Posts Tagged ‘volume’

Chkdsk won’t run upon reboot

December 1, 2011

I ran into problem when Windows server doesn’t run chkdsk on logical volume even though it’s corrupted. Some research on this issue revealed that there is a registry key HKEY_LOCAL_MACHINE\ SYSTEM\ CurrentControlSet\ Control\ Session Manager\ BootExecute which has default value:

autocheck autochk *

Each time Windows restarts it runs Autochk tool which checks if some of volumes are dirty (means potentially corrupted). It’s implemented through dirty bit. You can check if dirty bit is set or set it by yourself with by:

fsutil dirty query d:

fsutil dirty set d:

Default value of BootExecute parameter means that all volumes have to be checked for dirty bit upon reboot. When Autochk find dirty volume it runs Chkdsk on it. But it turns out it doesn’t work in our OS instance due to bug or some misconfiguration.

There is a tool called chkntfs which can schedule check. But it’s useful since it won’t make any effect if dirty bit isn’t set. You can set it by yourself using Fsutil but once again dirty bit isn’t working for us for some reason. And moreover setting dirty bit by Fsutil is enough to force volume check even without Chkntfs. In fact Chkntfs is designed for another goal. It allows to exclude some volumes from checking by Chkdsk at all.

Solution for us is either run

chkdsk /f /r d:

from command line. But it could in some cases start online check which we would like to prevent. Or adjust registry. So solution is to change BootExecute to:

autocheck autochk /P /r \??\D:

/P in this case tells Autochk not to look at dirty bit and force check of logical volume.

NetApp storage architecture

October 9, 2011

All of us are get used to SATA disk drives connected to our workstations and we call it storage. Some organizations has RAID arrays. RAID is one level of logical abstraction which combine several hard drives to form logical drive with greater size/reliability/speed. What would you say if I’d tell you that NetApp has following terms in its storage architecture paradigm: disk, RAID group, plex, aggregate, volume, qtree, LUN, directory, file. Lets try to understand how all this work together.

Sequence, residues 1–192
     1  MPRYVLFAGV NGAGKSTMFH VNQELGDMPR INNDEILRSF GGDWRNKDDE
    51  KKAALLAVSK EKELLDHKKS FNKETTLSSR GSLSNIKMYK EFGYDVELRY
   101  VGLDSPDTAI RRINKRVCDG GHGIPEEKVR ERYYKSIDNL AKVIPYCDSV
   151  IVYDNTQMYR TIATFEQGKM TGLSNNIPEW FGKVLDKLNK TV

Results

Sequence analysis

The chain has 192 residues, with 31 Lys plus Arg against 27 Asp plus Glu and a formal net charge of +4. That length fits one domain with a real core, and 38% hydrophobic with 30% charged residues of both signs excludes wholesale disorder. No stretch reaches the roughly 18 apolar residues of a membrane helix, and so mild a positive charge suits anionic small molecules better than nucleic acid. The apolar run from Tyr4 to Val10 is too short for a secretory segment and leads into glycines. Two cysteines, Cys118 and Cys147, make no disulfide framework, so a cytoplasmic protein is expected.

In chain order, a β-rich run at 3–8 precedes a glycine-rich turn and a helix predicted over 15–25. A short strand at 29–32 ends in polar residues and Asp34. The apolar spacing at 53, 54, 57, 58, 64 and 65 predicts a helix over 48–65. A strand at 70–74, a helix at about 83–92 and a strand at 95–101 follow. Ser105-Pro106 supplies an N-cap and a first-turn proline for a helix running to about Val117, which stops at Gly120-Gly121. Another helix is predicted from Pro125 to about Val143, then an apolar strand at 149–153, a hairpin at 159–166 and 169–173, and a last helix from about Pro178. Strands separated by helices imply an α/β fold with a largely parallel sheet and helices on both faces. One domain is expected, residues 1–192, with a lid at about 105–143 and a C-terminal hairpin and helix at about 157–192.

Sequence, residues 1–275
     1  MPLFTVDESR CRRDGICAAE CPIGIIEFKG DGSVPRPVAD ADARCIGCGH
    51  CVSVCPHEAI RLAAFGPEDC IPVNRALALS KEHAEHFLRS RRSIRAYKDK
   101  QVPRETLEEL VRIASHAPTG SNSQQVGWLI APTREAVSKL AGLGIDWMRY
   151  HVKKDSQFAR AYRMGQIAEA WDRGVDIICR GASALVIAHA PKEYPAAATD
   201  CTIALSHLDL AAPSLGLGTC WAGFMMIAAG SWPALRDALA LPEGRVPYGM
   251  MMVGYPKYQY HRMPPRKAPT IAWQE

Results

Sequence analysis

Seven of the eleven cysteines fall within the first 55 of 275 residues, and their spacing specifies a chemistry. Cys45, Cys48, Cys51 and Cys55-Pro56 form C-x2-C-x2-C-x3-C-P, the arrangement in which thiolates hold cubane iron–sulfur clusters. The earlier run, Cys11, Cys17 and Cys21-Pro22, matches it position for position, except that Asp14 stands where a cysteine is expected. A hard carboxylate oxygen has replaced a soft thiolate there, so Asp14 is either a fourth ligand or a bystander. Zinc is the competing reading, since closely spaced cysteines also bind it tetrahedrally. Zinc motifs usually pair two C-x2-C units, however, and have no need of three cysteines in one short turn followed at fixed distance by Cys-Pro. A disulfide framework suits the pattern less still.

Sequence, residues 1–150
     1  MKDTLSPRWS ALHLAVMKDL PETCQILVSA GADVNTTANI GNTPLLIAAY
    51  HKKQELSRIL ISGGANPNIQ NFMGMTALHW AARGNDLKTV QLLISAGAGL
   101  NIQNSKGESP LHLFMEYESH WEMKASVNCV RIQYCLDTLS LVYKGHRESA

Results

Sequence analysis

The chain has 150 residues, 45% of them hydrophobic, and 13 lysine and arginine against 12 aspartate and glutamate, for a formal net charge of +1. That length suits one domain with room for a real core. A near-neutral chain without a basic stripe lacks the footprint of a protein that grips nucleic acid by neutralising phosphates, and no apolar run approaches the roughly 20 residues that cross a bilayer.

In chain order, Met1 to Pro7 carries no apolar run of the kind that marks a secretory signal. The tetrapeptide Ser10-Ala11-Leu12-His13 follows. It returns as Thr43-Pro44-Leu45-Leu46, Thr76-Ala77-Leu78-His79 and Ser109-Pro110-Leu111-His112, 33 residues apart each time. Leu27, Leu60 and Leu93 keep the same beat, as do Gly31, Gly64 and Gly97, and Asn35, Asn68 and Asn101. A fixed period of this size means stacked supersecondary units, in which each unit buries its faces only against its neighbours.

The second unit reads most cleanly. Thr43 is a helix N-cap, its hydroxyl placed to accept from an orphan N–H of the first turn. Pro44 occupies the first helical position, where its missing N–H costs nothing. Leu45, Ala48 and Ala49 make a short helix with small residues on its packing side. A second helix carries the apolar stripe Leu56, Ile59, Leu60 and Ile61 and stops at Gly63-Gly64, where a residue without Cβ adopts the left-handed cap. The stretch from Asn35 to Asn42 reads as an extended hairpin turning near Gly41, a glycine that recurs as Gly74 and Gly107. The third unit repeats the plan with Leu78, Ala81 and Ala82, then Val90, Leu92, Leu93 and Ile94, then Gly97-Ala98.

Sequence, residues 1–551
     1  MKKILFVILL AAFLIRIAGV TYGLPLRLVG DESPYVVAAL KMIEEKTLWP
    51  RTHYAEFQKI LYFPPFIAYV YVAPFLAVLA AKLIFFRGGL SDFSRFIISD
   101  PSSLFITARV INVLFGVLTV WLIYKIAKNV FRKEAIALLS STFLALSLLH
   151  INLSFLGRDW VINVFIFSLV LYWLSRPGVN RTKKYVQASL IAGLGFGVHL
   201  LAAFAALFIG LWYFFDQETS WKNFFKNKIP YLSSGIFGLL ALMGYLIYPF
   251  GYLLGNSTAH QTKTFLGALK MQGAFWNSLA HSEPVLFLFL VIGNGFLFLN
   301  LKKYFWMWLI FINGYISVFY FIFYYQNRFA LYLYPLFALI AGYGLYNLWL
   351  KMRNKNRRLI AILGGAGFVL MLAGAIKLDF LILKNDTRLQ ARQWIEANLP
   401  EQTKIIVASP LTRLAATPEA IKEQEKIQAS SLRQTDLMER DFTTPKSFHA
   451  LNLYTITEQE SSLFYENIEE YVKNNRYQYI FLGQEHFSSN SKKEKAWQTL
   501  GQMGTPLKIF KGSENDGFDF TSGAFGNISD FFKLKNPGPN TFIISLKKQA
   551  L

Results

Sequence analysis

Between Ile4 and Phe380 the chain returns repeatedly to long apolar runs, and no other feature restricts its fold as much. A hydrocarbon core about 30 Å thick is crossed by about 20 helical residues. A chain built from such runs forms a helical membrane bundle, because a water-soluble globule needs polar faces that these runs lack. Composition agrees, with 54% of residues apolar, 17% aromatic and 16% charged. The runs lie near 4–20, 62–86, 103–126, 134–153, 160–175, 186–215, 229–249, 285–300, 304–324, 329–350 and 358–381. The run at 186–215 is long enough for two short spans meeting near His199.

RAID in NetApp terminology is called RAID group. Unlike ordinary storage systems NetApp works mostly with RAID 4 and RAID-DP. Where RAID 4 has one separate disk for parity and RAID-DP has two. Don’t think that it leads to performance degradation. NetApp has very efficient implementation of these RAID levels.

Plex is collection of RAID groups and is used for RAID level mirroring. For instance if you have two disk shelves and SyncMirror license then you can create plex0 from first shelf drives and plex1 from second shelf.  This will protect you from one disk shelf failure.

Aggregate is simply a highest level of hardware abstraction in NetApp and is used to manage plexes, raid groups, etc.

Volume is a logical file system. It’s a well-known term in Windows/Linux/Unix realms and serves for the same goal. Volume may contain files, directories, qtrees and LUNs. It’s the highest level of abstraction from the logical point of view. Data in volume can be accessed by any of protocols NetApp supports: NFS, CIFS, iSCSI, FCP, WebDav, HTTP.

Qtree can contain files and directories or even LUNs and is used to put security and quota rules on contained objects with user/group granularity.

LUN is necessary to access data via block-level protocols like FCP and iSCSI. Files and directories are used with file-level protocols NFS/CIFS/WebDav/HTTP.

Mad IT workdays

February 10, 2010

Today I needed to get Symantec Storage Exec to work with NetApp filer. This software allows to enforce file blocking and allocation policies on filer’s volumes.

I spent whole day resolving numerous problems while integrating them:

  1. When I was trying to install Symantec, installer said that it was interrupted and installation had to be rolled back. I couldn’t find ANY information regarding this issue in the whole Internet. I found posts with similar problems with other Symantec products but they didn’t help. Then somehow I found installation log and made search with lines from it. Finally I ran into this solution: http://seer.entsupport.symantec.com/docs/284901.htm. So the Symantec uninstaller for some damn reason left keys in the registry and couldn’t install itself for the second time because of it’s own fault.
  2. Then I’ve got “Can’t connect to host (err=10061)” after adding filer to the list of managed appliances. This link (http://seer.entsupport.symantec.com/docs/326973.htm) says I need to enable HTTP access. What? We don’t even have HTTP license. After half an hour of playing with filer configure options I found out that it’s not an access to httpd server it’s an access to magic filer administration area which is governed by httpd.admin.enable option (don’t forget also to add Storage Exec server IP to httpd.admin.access).
  3. The next error is: “HTTP POST authorization failed” in Storage Exec and “HTTP XML Authentication failed” from the filer side. It turned out that I also needed the user with the same user name and password as the user from which Storage Exec is being run. This user should be in the filer’s Administrators group.

Symantec’s documentation doesn’t have a word about all this stuff. It doesn’t say about access to filer’s administrative area and necessary user names.  You have to find this all out by yourself. I think Symantec’s docs leave too much to be desired and it’s the most mild way to describe it. And also there is little information about Storage Exec in the Internet. It seems that not many people are actually using it.